Pet Tail Talk: What Dog & Cat Wagging Tails Tell Us

Pet tail talk goes beyond dogs wagging tails. Today is National Dog Day and it’s appropriate to talk about how dogs show happiness. It’s not always about a wagging tail, either. Dogs and cats speak volumes with their tails, from happiness to fear or even warning. Learn what pet tail talk means, to better understand your cats and dogs tail wag behavior.

pet tail talk

What’s that body language and tail talk saying to the puppy? Image Copr. TBones Green Acres/Flickr

It goes beyond the wagging tail or the slurping face-lick. Canine happiness can be expressed in many ways. We should think about our pets’ happiness every day, not just on special occasions like Valentine’s or Mother’s Day. It doesn’t take much to treat them with love. It’s important to remember that pets are individuals with unique personalities. They’re like furry snowflakes, with no two alike.

Pet Tail Talk & What It Means

Cats and dogs speak volumes with pet tail talk. A simple wag or twitch of the tail, as well as the position of their furry nether regions, signals your pet’s emotional state. It also communicates important information to other animals–and to you, if you can read tail talk.

There can also be some misunderstandings between pets because cat and dog tail talk doesn’t mean exactly the same thing. I suspect that’s one reason it took my Seren-kitty and Magical-dawg so long to come to an understanding! But when Bravo entered our lives, Karma-Kat already understood dog language (and vice versa) and so the transition was much easier. Cat “felinese” and canine “dog-erel” is compared more fully in ComPETability: Cats/Dogs.

Tails can either invite you to approach or warn you to keep your distance. A relaxed pet’s tail curves down and back up in a gentle U. The more interest he feels, the higher the tail.

tail talk

This cat’s tail expresses friendliness and interest.

Speaking Cat & Dog: Pet Tail Talk Compared

For example, cats don’t only “talk” with meows. The high-held cat’s tail pointed straight up is the feline equivalent of a “howdy!” and means Kitty welcomes attention and interaction. Dominant and confident dogs hold their tails high, and wag rapidly in tight sharp arcs. But aggressive dogs also hold their tails high, often tightly arched over their back with just the end jerking very quickly back and forth. And a dog’s high-held stiff tail signals imminent attack.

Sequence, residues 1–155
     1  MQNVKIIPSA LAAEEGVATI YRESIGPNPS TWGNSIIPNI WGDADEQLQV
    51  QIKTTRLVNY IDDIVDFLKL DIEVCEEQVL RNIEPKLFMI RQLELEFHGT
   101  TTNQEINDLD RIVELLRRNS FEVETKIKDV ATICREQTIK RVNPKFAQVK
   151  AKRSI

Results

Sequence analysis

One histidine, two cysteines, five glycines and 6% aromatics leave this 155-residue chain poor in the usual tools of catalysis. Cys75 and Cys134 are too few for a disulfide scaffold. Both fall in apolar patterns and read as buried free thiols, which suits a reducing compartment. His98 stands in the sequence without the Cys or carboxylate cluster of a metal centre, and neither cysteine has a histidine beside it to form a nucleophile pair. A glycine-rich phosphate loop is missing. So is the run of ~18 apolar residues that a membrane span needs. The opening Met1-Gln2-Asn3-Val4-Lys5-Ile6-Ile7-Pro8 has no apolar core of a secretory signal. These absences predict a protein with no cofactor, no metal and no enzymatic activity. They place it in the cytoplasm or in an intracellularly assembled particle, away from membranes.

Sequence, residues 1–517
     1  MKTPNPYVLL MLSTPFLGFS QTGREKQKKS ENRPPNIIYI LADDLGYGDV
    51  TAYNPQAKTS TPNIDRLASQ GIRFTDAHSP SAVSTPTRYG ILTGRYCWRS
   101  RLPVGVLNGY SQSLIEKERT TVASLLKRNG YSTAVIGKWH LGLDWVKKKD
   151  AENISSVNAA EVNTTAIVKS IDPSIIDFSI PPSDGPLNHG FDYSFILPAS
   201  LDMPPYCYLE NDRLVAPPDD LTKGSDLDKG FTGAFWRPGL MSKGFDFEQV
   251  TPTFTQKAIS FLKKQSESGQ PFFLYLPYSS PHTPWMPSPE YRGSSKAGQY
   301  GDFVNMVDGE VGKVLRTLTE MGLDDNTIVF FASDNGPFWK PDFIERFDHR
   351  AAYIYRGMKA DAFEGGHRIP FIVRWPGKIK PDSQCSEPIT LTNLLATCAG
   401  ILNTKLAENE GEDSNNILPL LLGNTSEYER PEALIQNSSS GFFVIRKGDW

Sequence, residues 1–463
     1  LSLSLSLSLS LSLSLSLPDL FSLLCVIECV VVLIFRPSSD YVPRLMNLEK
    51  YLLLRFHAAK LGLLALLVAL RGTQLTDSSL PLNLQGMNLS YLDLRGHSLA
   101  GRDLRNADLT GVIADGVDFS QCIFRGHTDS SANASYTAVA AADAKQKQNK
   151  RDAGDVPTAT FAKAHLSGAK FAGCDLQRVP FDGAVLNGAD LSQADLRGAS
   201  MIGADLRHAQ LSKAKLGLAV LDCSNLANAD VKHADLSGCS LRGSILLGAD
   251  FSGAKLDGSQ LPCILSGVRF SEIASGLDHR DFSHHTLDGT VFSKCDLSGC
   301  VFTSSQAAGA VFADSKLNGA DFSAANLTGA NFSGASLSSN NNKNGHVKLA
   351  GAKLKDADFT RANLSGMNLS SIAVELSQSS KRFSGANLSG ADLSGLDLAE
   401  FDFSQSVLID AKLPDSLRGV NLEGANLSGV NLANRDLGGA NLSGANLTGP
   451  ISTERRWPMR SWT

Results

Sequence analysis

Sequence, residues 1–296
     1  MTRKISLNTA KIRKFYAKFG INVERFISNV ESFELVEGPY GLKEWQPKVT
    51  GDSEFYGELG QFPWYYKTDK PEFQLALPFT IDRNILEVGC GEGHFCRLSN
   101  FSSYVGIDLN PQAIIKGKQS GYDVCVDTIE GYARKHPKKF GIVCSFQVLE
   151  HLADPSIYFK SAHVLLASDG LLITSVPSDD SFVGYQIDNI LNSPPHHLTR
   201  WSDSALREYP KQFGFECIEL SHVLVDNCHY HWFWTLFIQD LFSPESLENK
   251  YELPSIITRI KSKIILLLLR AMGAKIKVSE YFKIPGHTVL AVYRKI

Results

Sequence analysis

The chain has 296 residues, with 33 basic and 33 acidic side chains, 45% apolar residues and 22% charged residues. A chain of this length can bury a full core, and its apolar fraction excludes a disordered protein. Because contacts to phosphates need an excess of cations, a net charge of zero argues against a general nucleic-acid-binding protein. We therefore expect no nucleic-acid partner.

A dog shows his low standing relative to you (or another animal) with loose, wide low arcing wags that often include hip wags as well. While these “friendly” wags often invite your approach, a wagging feline tail expresses agitation. This increased kitty arousal may mean simple excitement, fear or even aggression warning you to “back off!”

Dogs hold their tail in a low position to show submission or fear. A tucked tail is the dog or cat equivalent of hiding their face because it covers the genitals, and interferes with the sniffing behavior that identifies them to other animals.

dog tail injury

Partnered with a play-bow, this Chihuahua sends clear signals with her tail.

Pet Tail Talk & Conformation

Remember that tail shape and display (conformation) also influences how and what dogs say. Northern breeds such as Alaskan Malamutes with curled tails automatically “signal” confidence to other canines, whether they truly feel that way or not. Tailless dogs literally have one avenue of communication cut off. Labradors that wag too hard may cause dog tail injury.

Of course, tails don’t tell the whole story. What your pet’s wagging or wiggling means must be taken within the context of the rest of the body. Ear position, the elevation of the fur, and vocalizations also offer clues about what your pet wants to communicate.

Educate yourself—and especially your children—to the many “faces” of doggy wags and cat tail semaphore. In almost every instance, pets very clearly tell us that they want petting, are afraid due to separation anxiety or something else, or warn you to keep your distance. Problems arise when humans either don’t understand—or don’t listen.

I’m curious–do your dogs or cats ever act confused about the other species’ “tail talk” or other signals? How long did it take them to figure out the new language–or did they? I think Bravo still isn’t real clear on everything Karma says to him (either that or he’s hard-headed and doesn’t care, LOL!).

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